How Thailand's Lèse-Majesté Law Is Used To Stifle All Protest

Once meant to protect the royal family, the century-old law has become a tool for the military-led government in Bangkok to stamp out all dissent. A new report outlines the abuses.

Pro-Democracy protest at The Criminal Court in Bangkok, Thailand

Laura Valentina Cortés Sierra

"We need to reform the institution of the monarchy in Thailand. It is the root of the problem." Those words, from Thai student activist Juthatip Sirikan, are a clear expression of the growing youth-led movement that is challenging the legitimacy of the government and demanding deep political changes in the Southeast Asian nation. Yet those very same words could also send Sirikan to jail.

Thailand's Criminal Code 'Lèse-Majesté' Article 112 imposes jail terms for defaming, insulting, or threatening the monarchy, with sentences of three to 15 years. This law has been present in Thai politics since 1908, though applied sparingly, only when direct verbal or written attacks against members of the royal family.


But after the May 2014 military coup d'état, Thailand experienced the first wave of lèse-majesté arrests, prosecutions, and detentions of at least 127 individuals arrested in a much wider interpretation of the law.

The recent report 'Second Wave: The Return of Lèse-Majesté in Thailand', documents how the Thai government has "used and abused Article 112 of the Criminal Code to target pro-democracy activists and protesters in relation to their online political expression and participation in peaceful pro-democracy demonstrations."

Criticism of any 'royal project'

The investigation shows 124 individuals, including at least eight minors, have been charged with lèse-majesté between November 2020 and August 2021. Nineteen of them served jail time. The new wave of charges is cited as a response to the rising pro-democracy protests across Thailand over the past year.

Juthatip Sirikan explains that the law is now being applied in such a broad way that people are not allowed to question government budgets and expenditure if they have any relationship with the royal family, which stifles criticism of the most basic government decision-making since there are an estimated 5,000 ongoing "royal" projects. "Article 112 of lèse-majesté could be the key (factor) in Thailand's political problems" the young activist argues.

In 2020 the Move Forward opposition party questioned royal spending paid by government departments, including nearly 3 billion baht (89,874,174 USD) from the Defense Ministry and Thai police for royal security, and 7 billion baht budgeted for royal development projects, as well as 38 planes and helicopters for the monarchy. Previously, on June 16, 2018, it was revealed that Thailand's Crown Property Bureau transferred its entire portfolio to the new King Maha Vajiralongkorn.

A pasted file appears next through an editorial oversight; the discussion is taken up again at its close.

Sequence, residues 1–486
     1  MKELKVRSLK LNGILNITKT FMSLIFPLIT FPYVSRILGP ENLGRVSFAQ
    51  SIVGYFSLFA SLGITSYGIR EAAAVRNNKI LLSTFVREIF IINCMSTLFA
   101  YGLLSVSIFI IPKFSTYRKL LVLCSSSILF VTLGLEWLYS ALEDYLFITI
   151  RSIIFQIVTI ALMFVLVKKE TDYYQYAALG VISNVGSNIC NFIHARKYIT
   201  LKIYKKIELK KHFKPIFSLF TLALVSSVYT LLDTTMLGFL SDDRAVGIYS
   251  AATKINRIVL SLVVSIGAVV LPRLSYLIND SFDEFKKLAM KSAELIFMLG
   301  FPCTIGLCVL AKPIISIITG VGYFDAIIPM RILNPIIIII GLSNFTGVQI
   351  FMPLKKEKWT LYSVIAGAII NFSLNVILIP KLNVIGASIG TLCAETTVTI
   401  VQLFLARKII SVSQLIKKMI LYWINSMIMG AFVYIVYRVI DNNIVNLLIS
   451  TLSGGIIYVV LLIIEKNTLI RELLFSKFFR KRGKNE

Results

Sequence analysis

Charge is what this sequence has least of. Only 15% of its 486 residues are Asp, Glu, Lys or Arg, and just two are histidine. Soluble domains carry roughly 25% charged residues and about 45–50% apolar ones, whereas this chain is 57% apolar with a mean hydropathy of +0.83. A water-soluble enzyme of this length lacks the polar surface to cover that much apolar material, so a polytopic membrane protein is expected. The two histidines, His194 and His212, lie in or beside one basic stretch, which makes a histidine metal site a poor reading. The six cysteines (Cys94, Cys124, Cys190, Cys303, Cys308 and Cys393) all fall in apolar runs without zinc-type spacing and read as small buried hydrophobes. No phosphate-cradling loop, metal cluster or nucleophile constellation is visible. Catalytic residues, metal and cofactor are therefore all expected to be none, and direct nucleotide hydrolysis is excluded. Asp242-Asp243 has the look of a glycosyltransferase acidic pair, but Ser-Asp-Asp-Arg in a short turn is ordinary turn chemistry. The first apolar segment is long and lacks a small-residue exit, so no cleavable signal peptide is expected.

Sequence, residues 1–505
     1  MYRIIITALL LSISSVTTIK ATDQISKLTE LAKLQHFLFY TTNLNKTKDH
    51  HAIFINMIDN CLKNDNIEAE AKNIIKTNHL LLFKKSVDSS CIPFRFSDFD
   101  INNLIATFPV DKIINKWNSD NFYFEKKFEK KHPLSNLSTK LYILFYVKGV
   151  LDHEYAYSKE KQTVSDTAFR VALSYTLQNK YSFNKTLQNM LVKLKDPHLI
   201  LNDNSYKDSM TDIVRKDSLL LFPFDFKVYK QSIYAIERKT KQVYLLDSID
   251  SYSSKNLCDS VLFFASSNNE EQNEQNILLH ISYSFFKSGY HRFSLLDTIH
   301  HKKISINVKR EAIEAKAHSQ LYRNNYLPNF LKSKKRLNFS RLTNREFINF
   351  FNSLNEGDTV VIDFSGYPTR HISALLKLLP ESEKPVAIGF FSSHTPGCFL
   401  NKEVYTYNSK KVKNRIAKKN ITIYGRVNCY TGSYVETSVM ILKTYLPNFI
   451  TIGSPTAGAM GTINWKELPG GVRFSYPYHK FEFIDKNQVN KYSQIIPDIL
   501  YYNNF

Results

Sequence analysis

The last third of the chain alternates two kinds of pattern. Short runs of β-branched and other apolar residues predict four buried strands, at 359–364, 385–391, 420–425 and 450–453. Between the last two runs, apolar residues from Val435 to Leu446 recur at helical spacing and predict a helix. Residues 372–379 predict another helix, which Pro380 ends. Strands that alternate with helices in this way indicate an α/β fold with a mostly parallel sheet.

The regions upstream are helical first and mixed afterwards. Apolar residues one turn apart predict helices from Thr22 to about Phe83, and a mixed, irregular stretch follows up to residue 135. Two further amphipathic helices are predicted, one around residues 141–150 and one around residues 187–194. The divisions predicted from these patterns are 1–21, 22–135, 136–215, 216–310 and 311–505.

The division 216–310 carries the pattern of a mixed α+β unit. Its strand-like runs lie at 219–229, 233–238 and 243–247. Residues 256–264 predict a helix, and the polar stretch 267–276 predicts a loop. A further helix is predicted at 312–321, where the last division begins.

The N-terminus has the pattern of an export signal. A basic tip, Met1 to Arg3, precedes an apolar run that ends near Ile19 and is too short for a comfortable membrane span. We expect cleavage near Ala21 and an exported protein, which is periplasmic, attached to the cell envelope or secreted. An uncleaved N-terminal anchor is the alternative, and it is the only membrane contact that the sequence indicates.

photo of graffiti of 112 crossed out on sidewalk

Protestors In Bangkok Call For Political Prisoner Release

Peerapon Boonyakiat/SOPA Images via ZUMA Wire

Freedom of speech at stake

"Article 112 shuts down all freedom of speech in this country", says Sirikan. "Even the political parties fear to touch the subject, so it blocks most things. This country cannot move anywhere if we still have this law."

The student activist herself was charged with lèse-majesté in September 2020, after simply citing a list of public documents that refer to royal family expenditure. Sirikan comes from a family that has faced the consequences of decades of political repression. Her grandfather, Tiang Sirikhan was a journalist and politician who openly protested against Thailand's involvement in World War II. He was accused of being a Communist and abducted in 1952. According to Sirikhan's family, he was killed by the state.

The new report was conducted by The International Federation for Human Rights (FIDH), Thai Lawyer for Human Rights (TLHR), and Internet Law Reform Dialogue (iLaw). It accuses Thai authorities of an increasingly broad interpretation of Article 112, to the point of "absurdity," including charges against people for criticizing the government's COVID-19 vaccine management, wearing crop tops, insulting the previous monarch, or quoting a United Nations statement about Article 112.

Juthatip Sirikan speaks in front of democracy monument.

Shift to social media

While in the past the Article was only used against people who spoke about the royals, it's now being used as an alibi for more general political repression — which has also spurred more open campaigning to abolish it. Sirikan recounts recent cases of police charging people for spreading paint near the picture of the king during a protest, or even just for having a picture of the king as phone wallpaper.

The more than a century-old law is now largely playing out online, where much of today's protest takes place in Thailand. Sirikan says people are willing to go further on social media to expose information such as how the king intervenes in politics and the monarchy's accumulation of wealth, information the mainstream media rarely reports on them.

Not surprisingly, however, social media is heavily monitored and the military is involved in Intelligence operations and cyber attacks against human rights defenders and critics of any kind. In October 2020, Twitter took down 926 accounts, linked to the army and the government, which promoted themselves and attacked political opposition, and this June, Google removed two Maps with pictures, names, and addresses, of more than 400 people who were accused of insulting the Thai monarchy. "They are trying to control the internet as well," Sirikan says. "They are trying to censor every content that they find a threat".